Company not trading profitably?

Posted by | September 28, 2018 | Accounting, News | No Comments
Company not trading profitably?

What do I do if my company doesn’t trade profitably?

Last week I visited a client whose company had posted a succession of trading losses.

In fact, for the first time since the company was incorporated the balance sheet was negative. Its liabilities exceeded its assets. The company was technically “insolvent”.

There were clear signs that the client was potentially facing financial ruin and the company may have suffered greatly had we not intervened.

When I met the director of the company I advised her that there would be significant adverse financial implications on her should this adverse trend continue. I warned her that, under certain circumstances, she may be held personally liable for the company’s debts.

It was clear to me that it was important that the director should not continue in business unless she had a plan of action in place to ensure she turns the company round and starts to trade profitably from now on. Therefore, we underwent a rigorous review of all the company’s costs and anticipated sales so that, going forward, the company at least breaks even and the company’s financial position doesn’t worsen.

As the company was also experiencing some cash flow problems, it was essential to determine that the company would be in a position to pay its debts as well they fall due and could work comfortably within its existing overdraft facility.

This meant working closely together with the client in compiling a comprehensive and robust cash flow forecast which took into the account the expected receipts and payments of the company on a week-by-week basis.

At the end of our session, the director had a clear plan in place which, if successfully adhered to, would ensure that the company returns to a solvent position with healthy profits and a positive cash flow.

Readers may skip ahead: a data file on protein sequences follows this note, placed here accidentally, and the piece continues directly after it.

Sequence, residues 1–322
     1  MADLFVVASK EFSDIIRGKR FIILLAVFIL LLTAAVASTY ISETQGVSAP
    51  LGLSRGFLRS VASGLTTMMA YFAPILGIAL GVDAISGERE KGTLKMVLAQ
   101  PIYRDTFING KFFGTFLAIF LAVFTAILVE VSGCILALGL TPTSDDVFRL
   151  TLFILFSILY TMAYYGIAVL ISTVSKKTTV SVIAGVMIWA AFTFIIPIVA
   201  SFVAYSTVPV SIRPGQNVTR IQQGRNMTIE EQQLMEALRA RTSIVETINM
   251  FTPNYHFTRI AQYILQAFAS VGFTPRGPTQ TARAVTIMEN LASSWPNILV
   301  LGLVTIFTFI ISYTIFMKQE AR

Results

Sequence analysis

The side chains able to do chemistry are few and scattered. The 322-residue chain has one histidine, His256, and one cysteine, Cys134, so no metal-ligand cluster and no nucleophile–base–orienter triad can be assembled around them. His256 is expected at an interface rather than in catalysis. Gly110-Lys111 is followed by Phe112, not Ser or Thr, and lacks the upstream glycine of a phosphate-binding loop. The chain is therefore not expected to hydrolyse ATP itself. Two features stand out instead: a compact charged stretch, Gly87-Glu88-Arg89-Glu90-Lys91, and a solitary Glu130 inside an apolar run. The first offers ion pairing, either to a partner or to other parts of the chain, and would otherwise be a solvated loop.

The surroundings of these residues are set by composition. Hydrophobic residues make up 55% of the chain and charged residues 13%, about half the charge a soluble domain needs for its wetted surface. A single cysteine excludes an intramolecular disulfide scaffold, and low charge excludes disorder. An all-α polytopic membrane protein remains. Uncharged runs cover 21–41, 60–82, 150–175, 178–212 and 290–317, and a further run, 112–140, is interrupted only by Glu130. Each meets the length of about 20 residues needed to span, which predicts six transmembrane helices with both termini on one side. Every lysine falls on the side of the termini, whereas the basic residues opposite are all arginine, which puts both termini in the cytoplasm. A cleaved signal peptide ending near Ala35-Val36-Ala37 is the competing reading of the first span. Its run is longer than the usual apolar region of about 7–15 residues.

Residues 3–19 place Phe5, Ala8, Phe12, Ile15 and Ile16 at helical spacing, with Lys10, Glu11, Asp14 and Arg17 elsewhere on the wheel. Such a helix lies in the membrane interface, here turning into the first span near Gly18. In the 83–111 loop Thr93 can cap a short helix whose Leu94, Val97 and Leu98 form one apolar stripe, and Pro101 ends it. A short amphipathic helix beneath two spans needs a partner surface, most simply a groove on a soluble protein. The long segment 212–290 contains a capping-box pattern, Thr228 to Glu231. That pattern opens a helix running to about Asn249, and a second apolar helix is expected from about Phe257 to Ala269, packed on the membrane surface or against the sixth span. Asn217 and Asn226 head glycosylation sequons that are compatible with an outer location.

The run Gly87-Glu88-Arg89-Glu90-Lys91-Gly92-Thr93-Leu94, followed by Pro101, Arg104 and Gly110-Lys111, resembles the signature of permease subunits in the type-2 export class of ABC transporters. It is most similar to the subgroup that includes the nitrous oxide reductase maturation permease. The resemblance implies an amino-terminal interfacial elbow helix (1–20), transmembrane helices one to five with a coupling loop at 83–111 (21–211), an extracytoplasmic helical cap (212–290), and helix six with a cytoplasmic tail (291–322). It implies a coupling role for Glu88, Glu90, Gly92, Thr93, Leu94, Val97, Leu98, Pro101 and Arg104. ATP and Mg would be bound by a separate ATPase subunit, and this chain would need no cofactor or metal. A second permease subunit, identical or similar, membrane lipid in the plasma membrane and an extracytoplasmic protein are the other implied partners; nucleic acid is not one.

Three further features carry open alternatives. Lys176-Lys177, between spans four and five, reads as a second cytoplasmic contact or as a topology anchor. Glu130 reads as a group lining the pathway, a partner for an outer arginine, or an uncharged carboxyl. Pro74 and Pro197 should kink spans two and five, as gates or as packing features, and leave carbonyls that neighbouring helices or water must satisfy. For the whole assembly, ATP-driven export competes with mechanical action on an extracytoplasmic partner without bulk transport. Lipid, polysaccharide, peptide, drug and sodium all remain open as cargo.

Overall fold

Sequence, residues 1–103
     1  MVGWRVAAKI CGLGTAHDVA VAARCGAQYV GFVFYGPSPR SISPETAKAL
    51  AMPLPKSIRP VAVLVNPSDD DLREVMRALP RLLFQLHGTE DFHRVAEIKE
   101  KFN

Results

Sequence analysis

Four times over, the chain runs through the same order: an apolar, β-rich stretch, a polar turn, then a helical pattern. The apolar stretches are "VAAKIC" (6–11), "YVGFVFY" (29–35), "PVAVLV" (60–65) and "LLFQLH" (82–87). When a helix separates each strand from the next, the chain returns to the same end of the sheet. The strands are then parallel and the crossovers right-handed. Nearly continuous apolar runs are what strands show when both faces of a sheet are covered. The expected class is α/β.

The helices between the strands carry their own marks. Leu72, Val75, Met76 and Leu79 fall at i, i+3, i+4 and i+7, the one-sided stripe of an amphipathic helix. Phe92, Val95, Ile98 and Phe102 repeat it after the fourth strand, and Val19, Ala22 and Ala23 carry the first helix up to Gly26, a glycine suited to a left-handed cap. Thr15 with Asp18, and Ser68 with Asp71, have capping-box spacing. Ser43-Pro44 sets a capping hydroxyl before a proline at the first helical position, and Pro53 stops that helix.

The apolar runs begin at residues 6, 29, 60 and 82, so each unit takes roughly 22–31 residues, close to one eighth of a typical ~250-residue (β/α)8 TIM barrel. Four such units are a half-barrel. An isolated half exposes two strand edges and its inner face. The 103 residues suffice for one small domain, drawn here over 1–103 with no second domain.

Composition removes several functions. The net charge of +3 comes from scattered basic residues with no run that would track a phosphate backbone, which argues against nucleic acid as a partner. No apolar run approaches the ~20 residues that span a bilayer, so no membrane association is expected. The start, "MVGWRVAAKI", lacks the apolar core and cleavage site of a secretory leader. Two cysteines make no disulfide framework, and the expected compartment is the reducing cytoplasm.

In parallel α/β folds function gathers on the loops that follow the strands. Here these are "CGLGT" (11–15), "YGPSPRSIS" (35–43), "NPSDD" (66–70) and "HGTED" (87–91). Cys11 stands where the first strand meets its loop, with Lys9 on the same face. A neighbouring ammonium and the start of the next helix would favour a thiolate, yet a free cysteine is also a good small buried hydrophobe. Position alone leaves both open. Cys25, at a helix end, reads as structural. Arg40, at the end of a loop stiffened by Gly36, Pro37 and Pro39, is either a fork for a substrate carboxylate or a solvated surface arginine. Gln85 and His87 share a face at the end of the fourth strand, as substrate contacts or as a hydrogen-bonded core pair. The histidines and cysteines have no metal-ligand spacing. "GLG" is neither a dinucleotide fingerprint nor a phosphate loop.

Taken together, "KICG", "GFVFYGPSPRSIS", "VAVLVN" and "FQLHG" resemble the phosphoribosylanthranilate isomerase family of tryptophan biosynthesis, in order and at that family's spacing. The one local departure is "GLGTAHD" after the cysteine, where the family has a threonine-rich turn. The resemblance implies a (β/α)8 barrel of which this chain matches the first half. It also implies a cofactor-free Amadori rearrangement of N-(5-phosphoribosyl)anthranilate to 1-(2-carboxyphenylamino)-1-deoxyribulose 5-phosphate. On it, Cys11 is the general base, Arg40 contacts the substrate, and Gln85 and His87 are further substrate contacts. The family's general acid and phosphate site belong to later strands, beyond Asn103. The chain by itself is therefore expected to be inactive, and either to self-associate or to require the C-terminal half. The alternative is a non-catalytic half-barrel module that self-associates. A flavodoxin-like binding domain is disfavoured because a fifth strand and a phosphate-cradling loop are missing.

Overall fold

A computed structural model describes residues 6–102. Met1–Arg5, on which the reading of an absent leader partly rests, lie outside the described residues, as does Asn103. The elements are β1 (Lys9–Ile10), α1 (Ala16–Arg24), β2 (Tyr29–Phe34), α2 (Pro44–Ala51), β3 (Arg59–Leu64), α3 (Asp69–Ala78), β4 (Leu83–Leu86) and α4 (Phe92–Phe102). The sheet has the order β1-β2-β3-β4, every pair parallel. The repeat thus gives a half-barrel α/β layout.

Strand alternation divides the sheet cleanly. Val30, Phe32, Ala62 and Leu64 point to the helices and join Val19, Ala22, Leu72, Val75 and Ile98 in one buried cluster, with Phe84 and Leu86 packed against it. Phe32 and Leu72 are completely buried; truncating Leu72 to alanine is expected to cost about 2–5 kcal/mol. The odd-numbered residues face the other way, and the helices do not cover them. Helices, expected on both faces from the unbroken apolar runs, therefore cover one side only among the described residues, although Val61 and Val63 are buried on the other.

Also, in order to establish a better credit rating with its suppliers, it was necessary that the company’s accounts reflected a more favourable position at Companies House. Therefore, it was decided that the director/shareholder would capitalise some of her director’s loan account with the company. This had an immediate positive impact on the balance sheet by changing its insolvent position into a solvent one.

Everything we did with the client made sense. We helped her understand how vital it was for the company to trade profitably and to generate a positive cash flow.

Now the future for the company is looking very encouraging indeed. Trade is picking up again and the director has a clear plan against which to benchmark her company’s financial performance.

Without our involvement, the director may have found herself in all kinds of difficulties with no easy way out. Fortunately, she can now sleep at night in the knowledge that her company’s financial position is as solid as she could have hoped for under the circumstances.

I realise that, with the current economic and political uneasiness being caused by the Brexit dilemma and other factors, my client will not be alone in running a company that regrettably is generating losses instead of profits. If you ever find yourself in that position and want help in finding a solution, please feel free to call me on 01925 761600 or email at ian.lloyd@stylesandco.co.uk